Home The Washington Diplomat August 2011 ‘Lens of National Geographic’ Captures Century of Mexico

‘Lens of National Geographic’ Captures Century of Mexico

‘Lens of National Geographic’ Captures Century of Mexico

Photos: David Alan Harvey–National Geographic
Among the more than 130 photographs in “Mexico Through the Lens of National Geographic” are a birthday procession in Oaxaca by David Alan Harvey; as well as Harvey’s image of the Tulum ruins at first light.

Mexico and National Geographic magazine go way back.

The iconic publication is, of course, known for its vivid, arresting images of native people from all around the world. But National Geographic has a special affinity for Mexico. In fact, feature articles accompanied by photographs of Mexico and its people have graced no fewer than 150 editions of the glossy magazine over the last 100 years.

Now, National Geographic has teamed up with the Mexican Cultural Institute to present a special exhibition of the magazine’s Mexico-themed photography documenting the country’s history, culture, people and landscapes. The exhibition includes 132 photographs — in stark black and white and bursting color — drawn from the National Geographic Society’s archives in Washington.

You’ll want to make time — at least an hour — to take in this expansive, thought-provoking exhibition, curated by Juan García de Oteyza and Christina Elson. It’s organized into seven different sections on two floors of the institute. Together, the photos offer an intimate view of a country many of us romanticize and even stereotype, but don’t fully understand.

Photos on the first floor showcase the heroic discoveries of late 19th-century explorers, and especially the discovery of Mayan ruins. A pair of photographs shows ruins in the Palenque archaeological zone located in the southern state of Chiapas near Guatemala. A black-and-white photo captures the ruin as it was discovered, covered in dense foliage and looking like something out of an Indiana Jones film. A color photo next to it depicts the site after restoration and preservation. It’s a visually compelling case for continued investment in archaeology and preservation.

b1.mexico.birthday.storyThe Mayan section also features stunning images of sites paired with artistic renderings. National Geographic has been a long-term supporter of Maya research, and these carefully crafted images reveal the evolution of our knowledge of ancient Maya writing, art and architecture, beliefs, and daily life.

Nature lovers will want to linger in this section, which is replete with images of Mexico’s spectacular beauty and stunning geography. A photo of a monarch butterfly resting near a pool of water is simultaneously simple and complex, as the fragile, lone creature shows off its intricate, beautiful markings with a mirrored image reflecting from the water.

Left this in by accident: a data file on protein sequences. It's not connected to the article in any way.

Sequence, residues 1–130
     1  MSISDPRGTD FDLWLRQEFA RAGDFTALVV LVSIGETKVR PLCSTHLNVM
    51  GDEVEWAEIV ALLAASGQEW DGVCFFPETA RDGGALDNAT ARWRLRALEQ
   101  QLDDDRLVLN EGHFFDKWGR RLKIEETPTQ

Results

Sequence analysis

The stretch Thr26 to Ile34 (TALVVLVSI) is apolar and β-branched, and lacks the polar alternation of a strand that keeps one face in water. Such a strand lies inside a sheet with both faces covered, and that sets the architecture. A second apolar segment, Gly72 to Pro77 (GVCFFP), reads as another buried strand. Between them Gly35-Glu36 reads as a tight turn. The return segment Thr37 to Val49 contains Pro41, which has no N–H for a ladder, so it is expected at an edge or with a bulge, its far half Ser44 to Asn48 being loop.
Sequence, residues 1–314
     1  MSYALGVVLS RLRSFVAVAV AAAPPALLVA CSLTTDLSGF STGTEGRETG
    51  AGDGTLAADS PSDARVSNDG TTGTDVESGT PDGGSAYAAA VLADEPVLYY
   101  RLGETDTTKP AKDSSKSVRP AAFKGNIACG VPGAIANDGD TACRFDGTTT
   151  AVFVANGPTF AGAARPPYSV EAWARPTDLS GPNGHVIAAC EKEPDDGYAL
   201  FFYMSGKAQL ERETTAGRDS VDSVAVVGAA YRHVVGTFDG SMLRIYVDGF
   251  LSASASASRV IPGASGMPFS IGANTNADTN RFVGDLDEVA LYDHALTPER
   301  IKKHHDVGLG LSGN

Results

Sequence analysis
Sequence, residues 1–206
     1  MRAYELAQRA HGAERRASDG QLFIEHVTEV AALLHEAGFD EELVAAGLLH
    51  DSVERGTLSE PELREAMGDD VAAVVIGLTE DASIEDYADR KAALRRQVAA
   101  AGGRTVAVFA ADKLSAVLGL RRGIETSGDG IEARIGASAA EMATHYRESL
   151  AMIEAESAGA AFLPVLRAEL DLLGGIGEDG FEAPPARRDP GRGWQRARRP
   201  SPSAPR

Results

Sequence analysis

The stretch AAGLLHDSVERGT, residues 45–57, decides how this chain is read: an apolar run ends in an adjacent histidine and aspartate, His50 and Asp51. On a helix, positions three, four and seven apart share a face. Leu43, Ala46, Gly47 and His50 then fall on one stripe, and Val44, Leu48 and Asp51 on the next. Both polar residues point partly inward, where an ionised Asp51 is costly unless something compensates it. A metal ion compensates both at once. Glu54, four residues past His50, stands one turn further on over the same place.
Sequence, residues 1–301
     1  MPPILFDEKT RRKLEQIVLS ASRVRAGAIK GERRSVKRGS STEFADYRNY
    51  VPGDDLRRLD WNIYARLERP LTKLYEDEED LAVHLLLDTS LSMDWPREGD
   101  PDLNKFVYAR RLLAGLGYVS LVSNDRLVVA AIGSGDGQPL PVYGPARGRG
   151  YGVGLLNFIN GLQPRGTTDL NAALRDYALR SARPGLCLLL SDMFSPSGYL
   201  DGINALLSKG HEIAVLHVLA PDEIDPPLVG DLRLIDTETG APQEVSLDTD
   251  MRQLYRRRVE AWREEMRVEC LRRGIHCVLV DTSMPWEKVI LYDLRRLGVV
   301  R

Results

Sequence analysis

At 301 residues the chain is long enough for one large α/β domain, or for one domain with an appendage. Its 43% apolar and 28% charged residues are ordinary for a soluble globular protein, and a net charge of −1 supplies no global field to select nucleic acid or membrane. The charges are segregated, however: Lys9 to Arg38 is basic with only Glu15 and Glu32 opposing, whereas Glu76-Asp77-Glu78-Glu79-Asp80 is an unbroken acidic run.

Similarly, stark white whale bones jutting from the sand near a lagoon in Baja, California-Mexico evoke thoughts of prehistoric beasts — and the notion that we are all mortal, no matter how big and powerful we might be.

The more sinister side of nature is also on display, most memorably in the breathtakingly beautiful image of the Popocatepetl volcano rising above a church on a pyramid in Cholula, Puebla. The image — captured at either sunrise or sunset, it’s hard to tell — is perfectly composed, with the snow-capped peak straining toward the top of the frame and a cool, blue-tinged mist hovering along the bottom, making it look as if the volcano is floating in air.

Viewers in this exhibition will be consistently struck by the vibrant colors of Mexico, whether they be in the landscape or in the clothes that Mexican people wear. A cheerful young woman photographed in Chiapas carrying a gourd filled with flowers is a vision of lovely hues, from the white flowers to the yellows, blues and greens in her vivid blouse.

Photo: George Steinmetz–National Geographic
Whale bones washed up beside a lagoon in Baja California-Mexico.

Sartorial pageantry is also on display in a photo called “Trique 15th Birthday Celebration.” In it, young women and men dressed in traditional garb exploding with color move down a mountainside — a procession of happiness.

A more contemporary-seeming view of Mexico can be found in a portrait of a home in Zona Pedregal in Mexico City in the 1960s. Several women clad in what was then-modern clothing perch outside a home constructed with the clean lines and contemporary stylings of something one might have found in Southern California at around the same time.

However, hardship finds a home in this exhibition, as well. One of the most iconic images here is that of an 80-year-old basket weaver in Chihuahua. The woman’s grimacing face is tightly framed, peeking out from underneath a drab head covering. It’s a face etched with years of toil, the crevasses so deep as to almost be disturbing. Yet like the others, this old woman wears vibrant colors proudly, her bright orange poncho lending vitality to her world-beaten — yet determined — visage.

The exhibition also trots out some old photographic tropes — the lady making tortillas and people carrying things, for example — that have come to define foreigners’ perception of the Mexican people and their way of life.

But thankfully, the show goes much deeper than that, providing us with a penetrating view into a proud nation and a society that offers so much more than popular culture would sometimes have us believe.

Mexico Through the Lens of National Geographic

through Oct. 22
Mexican Cultural Institute
2829 16th St., NW
For more information, please call (202) 728-1628 or visit www.instituteofmexicodc.org.

About the Author

Michael Coleman is a contributing writer for The Washington Diplomat.